Article

Epoxyeicosatrienoic acid agonist regulates human mesenchymal stem cell-derived adipocytes through activation of HO-1-pAKT signaling and a decrease in PPARγ.

Department of Physiology and Pharmacology, University of Toledo College of Medicine, Toledo, Ohio 43614, USA.
Stem cells and development (Impact Factor: 4.2). 12/2010; 19(12):1863-73. DOI: 10.1089/scd.2010.0098
Source: PubMed

ABSTRACT Human mesenchymal stem cells (MSCs) expressed substantial levels of CYP2J2, a major CYP450 involved in epoxyeicosatrienoic acid (EET) formation. MSCs synthesized significant levels of EETs (65.8 ± 5.8 pg/mg protein) and dihydroxyeicosatrienoic acids (DHETs) (15.83 ± 1.62 pg/mg protein), suggesting the presence of soluble epoxide hydrolase (sEH). The addition of an sEH inhibitor to MSC culture decreased adipogenesis. EETs decreased MSC-derived adipocytes in a concentration-dependent manner, 8,9- and 14,15-EET having the maximum reductive effect on adipogenesis. We examined the effect of 12-(3-hexylureido)dodec-8(Z)-enoic acid, an EET agonist, on MSC-derived adipocytes and demonstrated an increased number of healthy small adipocytes, attenuated fatty acid synthase (FAS) levels (P < 0.01), and reduced PPARγ, C/EBPα, FAS, and lipid accumulation (P < 0.05). These effects were accompanied by increased levels of heme oxygenase (HO)-1 and adiponectin (P < 0.05), and increased glucose uptake (P < 0.05). Inhibition of HO activity or AKT by tin mesoporphyrin (SnMP) and LY2940002, respectively, reversed EET-induced inhibition of adipogenesis, suggesting that activation of the HO-1-adiponectin axis underlies EET effect in MSCs. These findings indicate that EETs decrease MSC-derived adipocyte stem cell differentiation by upregulation of HO-1-adiponectin-AKT signaling and play essential roles in the regulation of adipocyte differentiation by inhibiting PPARγ, C/EBPα, and FAS and in stem cell development. These novel observations highlight the seminal role of arachidonic acid metabolism in MSCs and suggest that an EET agonist may have potential therapeutic use in the treatment of dyslipidemia, diabetes, and the metabolic syndrome.

Download full-text

Full-text

Available from: John R Falck, Jun 19, 2015
0 Followers
 · 
163 Views
  • Source
    [Show abstract] [Hide abstract]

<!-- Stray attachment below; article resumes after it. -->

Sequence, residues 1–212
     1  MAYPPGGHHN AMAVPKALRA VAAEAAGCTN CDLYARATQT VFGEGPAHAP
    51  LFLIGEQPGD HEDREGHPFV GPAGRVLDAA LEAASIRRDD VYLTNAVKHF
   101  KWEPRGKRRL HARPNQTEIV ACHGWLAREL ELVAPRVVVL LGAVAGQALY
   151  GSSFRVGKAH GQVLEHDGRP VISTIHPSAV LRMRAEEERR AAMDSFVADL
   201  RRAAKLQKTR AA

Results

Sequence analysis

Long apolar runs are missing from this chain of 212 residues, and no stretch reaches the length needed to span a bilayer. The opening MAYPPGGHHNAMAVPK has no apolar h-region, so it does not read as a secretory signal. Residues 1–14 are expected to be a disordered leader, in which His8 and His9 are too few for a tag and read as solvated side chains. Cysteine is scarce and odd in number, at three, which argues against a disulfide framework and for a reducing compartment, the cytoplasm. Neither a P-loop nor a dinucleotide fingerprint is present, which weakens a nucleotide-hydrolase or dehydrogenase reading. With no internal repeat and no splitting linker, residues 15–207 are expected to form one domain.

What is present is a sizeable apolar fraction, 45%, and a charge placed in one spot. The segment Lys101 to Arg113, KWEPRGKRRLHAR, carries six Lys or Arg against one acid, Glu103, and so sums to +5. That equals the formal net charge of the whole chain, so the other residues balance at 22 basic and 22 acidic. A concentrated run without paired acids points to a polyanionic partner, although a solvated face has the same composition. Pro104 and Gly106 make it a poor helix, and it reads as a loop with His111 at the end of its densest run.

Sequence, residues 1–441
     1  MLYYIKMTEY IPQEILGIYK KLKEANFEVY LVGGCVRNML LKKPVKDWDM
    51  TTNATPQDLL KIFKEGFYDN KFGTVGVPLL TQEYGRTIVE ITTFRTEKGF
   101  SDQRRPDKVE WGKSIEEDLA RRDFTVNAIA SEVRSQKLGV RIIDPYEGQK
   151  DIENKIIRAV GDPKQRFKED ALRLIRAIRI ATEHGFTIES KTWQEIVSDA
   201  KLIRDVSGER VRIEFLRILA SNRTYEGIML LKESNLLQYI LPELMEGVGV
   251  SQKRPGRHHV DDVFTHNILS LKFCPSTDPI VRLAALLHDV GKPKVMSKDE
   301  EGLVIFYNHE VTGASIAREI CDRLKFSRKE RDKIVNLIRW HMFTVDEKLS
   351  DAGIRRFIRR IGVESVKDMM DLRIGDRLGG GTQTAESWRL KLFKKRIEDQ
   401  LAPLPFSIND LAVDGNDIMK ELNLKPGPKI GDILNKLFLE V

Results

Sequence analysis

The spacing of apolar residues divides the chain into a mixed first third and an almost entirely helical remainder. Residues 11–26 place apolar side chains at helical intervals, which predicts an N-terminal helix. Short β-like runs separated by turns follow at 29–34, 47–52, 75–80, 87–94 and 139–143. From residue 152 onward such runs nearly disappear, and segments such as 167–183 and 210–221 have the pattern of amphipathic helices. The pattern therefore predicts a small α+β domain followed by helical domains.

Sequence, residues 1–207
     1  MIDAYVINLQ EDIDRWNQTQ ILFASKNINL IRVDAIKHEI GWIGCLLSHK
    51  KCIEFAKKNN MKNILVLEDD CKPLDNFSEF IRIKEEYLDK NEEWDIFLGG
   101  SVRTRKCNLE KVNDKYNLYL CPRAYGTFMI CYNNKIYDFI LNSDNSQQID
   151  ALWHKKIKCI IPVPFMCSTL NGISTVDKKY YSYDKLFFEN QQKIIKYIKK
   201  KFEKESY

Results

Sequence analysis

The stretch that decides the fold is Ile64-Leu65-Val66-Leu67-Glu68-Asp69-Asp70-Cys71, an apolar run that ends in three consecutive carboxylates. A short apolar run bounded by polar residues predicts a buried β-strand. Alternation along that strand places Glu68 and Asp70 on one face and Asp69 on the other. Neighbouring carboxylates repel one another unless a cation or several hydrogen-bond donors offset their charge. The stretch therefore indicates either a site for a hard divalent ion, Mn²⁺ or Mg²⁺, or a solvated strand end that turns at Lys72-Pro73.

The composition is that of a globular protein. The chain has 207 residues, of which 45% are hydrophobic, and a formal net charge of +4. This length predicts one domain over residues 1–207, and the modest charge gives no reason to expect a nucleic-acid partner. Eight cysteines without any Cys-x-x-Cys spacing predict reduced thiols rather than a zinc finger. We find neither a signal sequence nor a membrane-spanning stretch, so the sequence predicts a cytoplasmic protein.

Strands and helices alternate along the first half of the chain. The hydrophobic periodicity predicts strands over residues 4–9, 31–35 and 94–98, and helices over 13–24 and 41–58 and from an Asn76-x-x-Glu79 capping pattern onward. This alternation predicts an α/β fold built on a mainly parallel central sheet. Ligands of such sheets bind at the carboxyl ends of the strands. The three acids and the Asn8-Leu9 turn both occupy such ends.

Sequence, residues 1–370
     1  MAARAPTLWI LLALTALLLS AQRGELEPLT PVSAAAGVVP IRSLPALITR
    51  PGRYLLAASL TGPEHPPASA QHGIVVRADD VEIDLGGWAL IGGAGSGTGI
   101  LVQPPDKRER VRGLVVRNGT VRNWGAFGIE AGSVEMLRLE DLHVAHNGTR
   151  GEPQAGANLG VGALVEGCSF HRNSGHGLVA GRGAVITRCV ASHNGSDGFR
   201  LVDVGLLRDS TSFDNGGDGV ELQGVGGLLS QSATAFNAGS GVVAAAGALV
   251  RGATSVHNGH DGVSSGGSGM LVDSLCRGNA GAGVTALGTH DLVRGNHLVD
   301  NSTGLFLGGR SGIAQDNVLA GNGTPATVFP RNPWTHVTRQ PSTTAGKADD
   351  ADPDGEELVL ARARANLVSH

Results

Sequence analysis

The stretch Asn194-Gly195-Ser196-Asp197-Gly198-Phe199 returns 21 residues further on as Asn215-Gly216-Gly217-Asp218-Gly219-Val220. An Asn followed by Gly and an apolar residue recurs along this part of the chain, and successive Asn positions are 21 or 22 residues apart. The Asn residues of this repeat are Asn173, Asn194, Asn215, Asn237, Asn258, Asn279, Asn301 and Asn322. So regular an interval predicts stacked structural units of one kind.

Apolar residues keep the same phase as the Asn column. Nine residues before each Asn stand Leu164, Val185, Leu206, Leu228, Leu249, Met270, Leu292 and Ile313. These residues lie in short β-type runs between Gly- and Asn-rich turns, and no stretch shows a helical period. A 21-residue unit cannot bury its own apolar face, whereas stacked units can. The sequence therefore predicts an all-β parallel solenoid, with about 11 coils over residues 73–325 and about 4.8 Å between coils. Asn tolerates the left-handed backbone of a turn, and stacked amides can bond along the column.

ABSTRACT: Patho-physiological conditions with high oxidative stress, such as conditions associated with increased denatured heme-proteins, are associated with enhanced adipogenic response. This effect predominantly manifests as adipocyte hypertrophy characterized by dysfunctional, pro-inflammatory adipocytes exhibiting reduced expression of anti-inflammatory hormone, adiponectin. To understand how increased levels of cellular heme, a pro-oxidant molecule, modulates adipogenesis; the following study was designed to evaluate effects of heme on adipogenesis in human mesenchymal stem cells (hMSCs) and mouse pre-adipocytes (3T3L1). Experiments were conducted in the absence and in the presence of a superoxide dismutase (SOD) mimetic (tempol, 100 µM). Heme (10 µM) increased (P<0.05) adipogenesis in hMSCs and mouse pre-adipocytes, where tempol alone (100 µmol/L) attenuated adipogenesis in these cells (P<0.05). Tempol also reversed heme-induced increase in adipogenesis in both hMSCs and mouse pre-adipocytes (P<0.05). In addition, heme exposed 3T3L1 exhibited reduced (P<0.05) expression of transcriptional regulator-sirtuin 1 (Sirt1), along with, increased (P<0.05) expression of adipogenic markers peroxisome proliferators-activated receptor-gamma (PPARγ), C/EBPα, and aP2. These effects of heme were rescued (P<0.05) in cells concurrently treated with heme and tempol (P<0.05) and prevented in cells over-expressing Sirt1. Taken together, our results indicate that heme-induced oxidative stress inhibits Sirt1, thus un-inhibiting adipogenic regulators such as PPARγ and C/EBPα; which in turn induce increased adipogenesis along with adipocyte hypertrophy in pre-adipocytes. Anti-oxidant induced offsetting of these effects of heme supports the role of heme-dependent oxidative stress in mediating such events.